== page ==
[Note: This story was reported live. For results of the hearing, scroll to the end.]
introduced the Idaho Stop bill to his
colleagues on the House Transportation
(Photos © J. Maus)
I’m sitting in Hearing Room D inside the Capitol at a hearing by the House Transportation Committee for the BTA’s Idaho Stop law.
In the room are the BTA’s chief lobbyist Karl Rohde, lawyers Ray Thomas and Bob Mionske, members of the BTA’s legislative committee Doug Parrow and Bjorn Warloe and even former BTA executive director Evan Manvel has stopped by (he now works on legislative policy for the Oregon League of Conservation Voters).
Representative Bailey (SE Portland) has just introduced the bill. Bailey is the bill’s chief supporter and he opened his testimony with a copy of the recent Oregon Business magazine that touts the state’s “Bicycle Industrial Complex.”
“The only thing more annoying than getting caught behind a bicyclist on the road is getting caught behind a bicyclist who’s obeying every single law.”
— Rep. Nick Kahl, in support of the bill
“This is about the economy, people’s health, and about the environment.” Bailey is making the case that this bill will make bicycling easier, safer and more attractive because, for one, it would make using residential streets more appealing (versus riding on fast streets/arterials). “We’re not legalizing bad behavior,” said Bailey, we’re decriminalizing good behavior”.
Rep. Nick Kahl (D-Portland) was first speak up from the Committee. He said he wasn’t supportive of this bill until this weekend. Kahl said he came around for two reasons. First, he had a conversation with his brother-in-law who told him: “The only thing more annoying than getting caught behind a bicyclist on the road is getting caught behind a bicyclist who’s obeying every single law.” (Room erupts in laughter). The other thing Kahl said won him over is that he just bought a new bike. While on a test ride near the Bike ‘N Hike on SE Grand in Portland he said, “I realized how many times I didn’t come to a full stop.” “I’m fully in support of this bill,” he said.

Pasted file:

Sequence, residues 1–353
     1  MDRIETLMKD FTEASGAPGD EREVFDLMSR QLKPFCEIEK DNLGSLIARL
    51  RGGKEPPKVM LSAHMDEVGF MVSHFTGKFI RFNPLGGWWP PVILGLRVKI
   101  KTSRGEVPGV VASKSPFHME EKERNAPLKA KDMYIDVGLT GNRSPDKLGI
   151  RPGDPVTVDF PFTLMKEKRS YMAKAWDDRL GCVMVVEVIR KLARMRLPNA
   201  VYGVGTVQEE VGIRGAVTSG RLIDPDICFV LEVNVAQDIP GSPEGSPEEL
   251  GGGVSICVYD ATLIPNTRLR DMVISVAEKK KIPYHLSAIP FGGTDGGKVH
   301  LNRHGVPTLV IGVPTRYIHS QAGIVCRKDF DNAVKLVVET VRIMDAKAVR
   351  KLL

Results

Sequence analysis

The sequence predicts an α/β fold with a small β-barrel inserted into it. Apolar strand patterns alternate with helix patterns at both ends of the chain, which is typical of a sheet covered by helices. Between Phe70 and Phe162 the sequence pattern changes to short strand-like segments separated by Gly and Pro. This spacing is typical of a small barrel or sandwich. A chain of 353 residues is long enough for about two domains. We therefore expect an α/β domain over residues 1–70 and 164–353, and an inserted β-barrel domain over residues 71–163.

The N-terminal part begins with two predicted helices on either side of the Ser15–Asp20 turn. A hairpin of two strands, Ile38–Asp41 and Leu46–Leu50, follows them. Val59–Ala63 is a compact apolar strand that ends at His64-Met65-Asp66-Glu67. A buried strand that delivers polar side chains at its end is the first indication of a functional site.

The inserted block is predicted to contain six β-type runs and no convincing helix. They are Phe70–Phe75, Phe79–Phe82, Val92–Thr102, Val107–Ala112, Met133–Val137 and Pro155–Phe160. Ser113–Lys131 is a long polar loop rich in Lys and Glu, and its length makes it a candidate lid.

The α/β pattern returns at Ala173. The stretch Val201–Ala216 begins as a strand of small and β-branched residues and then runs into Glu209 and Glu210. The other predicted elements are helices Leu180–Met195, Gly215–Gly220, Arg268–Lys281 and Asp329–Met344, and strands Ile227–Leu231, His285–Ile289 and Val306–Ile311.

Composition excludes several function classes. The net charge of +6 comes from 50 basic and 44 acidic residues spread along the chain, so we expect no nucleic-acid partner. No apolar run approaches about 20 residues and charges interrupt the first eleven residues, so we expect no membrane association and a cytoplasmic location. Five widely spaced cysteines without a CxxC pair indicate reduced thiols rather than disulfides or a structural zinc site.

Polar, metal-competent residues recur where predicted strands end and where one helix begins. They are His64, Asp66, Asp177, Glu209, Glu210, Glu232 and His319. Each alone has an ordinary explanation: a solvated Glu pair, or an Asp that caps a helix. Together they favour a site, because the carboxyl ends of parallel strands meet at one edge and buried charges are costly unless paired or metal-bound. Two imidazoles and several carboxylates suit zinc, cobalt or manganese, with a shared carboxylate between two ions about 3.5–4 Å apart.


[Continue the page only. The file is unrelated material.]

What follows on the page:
Rep. Jim Weidner (R-Yamhill) spoke up next and said, “I have some serious concerns about this bill.”
“I teach my kids that they need to make sure no cars are coming when they approach an intersection,” he began, “and making it legal for them to blow through stop signs isn’t a good precedent for us to be setting.”
Weidner went on to say that when he comes up to a 4-way stop he doesn’t like to, but he stops because “it’s the law”. After making a comment that this bill would allow people to “blow through” stop signs, he also said he’s concerned about the precedent this sets for kids. “I’m a little nervious,” he said, “the last thing I want to do is vote on legislation that could result in a situation where a child could die. This is a very serious bill we’re dealing with here.”
“I think we’re creating a bad situation by having two sets of rules.”
— Rep. Weidner
Rep. Bailey countered Weidner’s concerns by clarifying that the bill won’t let anyone “blow through”. (Actually, the bill includes a provision that would make the citation fee 50% higher than it is now.)
Karl Rohde of the BTA then began his testimony by saying that his organization has taught over 50,000 kids throughout Oregon on how to bike safely. “We firmly believe this law is in the best interest of all road users. The BTA is deeply committed to the safety of bicyclists and we would never support a bill that would jeopardize that safety.”
“The bad behavior will continue to be against the law,” Rohde said, “and we will continue to work with law enforcement officials to make sure that dangerous riding behavior is not tolerated.”
Rohde then continued to make his case for the law proposal. He stressed that bikes have a much greater sense of their vehicle, “no blind spots” and he referenced studies that have shown that the sensory awareness of a biker is akin to that of a pedestrian.
Rohde also introduced the conundrum of how many residential streets are full of stop signs nearly every block, yet those are precisely the streets that the city is encouraging people to ride on (instead of going on busy and big arterials). Having to make that decision is not a good position to put citizens into says Rohde.
Rep. Vicki Berger (R-Salem) shares her feelings that the law will just introduce more confusion into the system. “What about the bike lane here in Salem that has a stop sign in it? Will this apply to that?”, and, “I’m scared to death of the bike boxes”, she said. Berger thinks the bike boxes are confusing and says she’s concerned about “a whole new set of rules”.
Continuing in the vein, Rep. David Edwards (D-Hillsboro) also shared that he feels the bill “presents a level of uncertainty”. He then asked Rohde, “Would you also be in favor of allowing pedestrians to just come up to a street and go across without stopping?” Rohde replied that pedestrians are actually currently allowed to do that.
Mionske (L) and Ray Thomas (R) in
Now Rep. Weidner chimes in. “It’s like we’re making two sets of rules,” he says, “I think we’re creating a bad situation by having two sets of rules.”
Rohde counters by pointing out that there are already several instances where there are two sets of rules — bikes can ride on the sidewalks and cars can’t and bikes can pass on the right at intersections and cars can’t.
“Can you define for me the difference between a bicyclist and an electric car?”
— Rep. Cliff Bentz, wondering why the bill doesn’t also include electric cars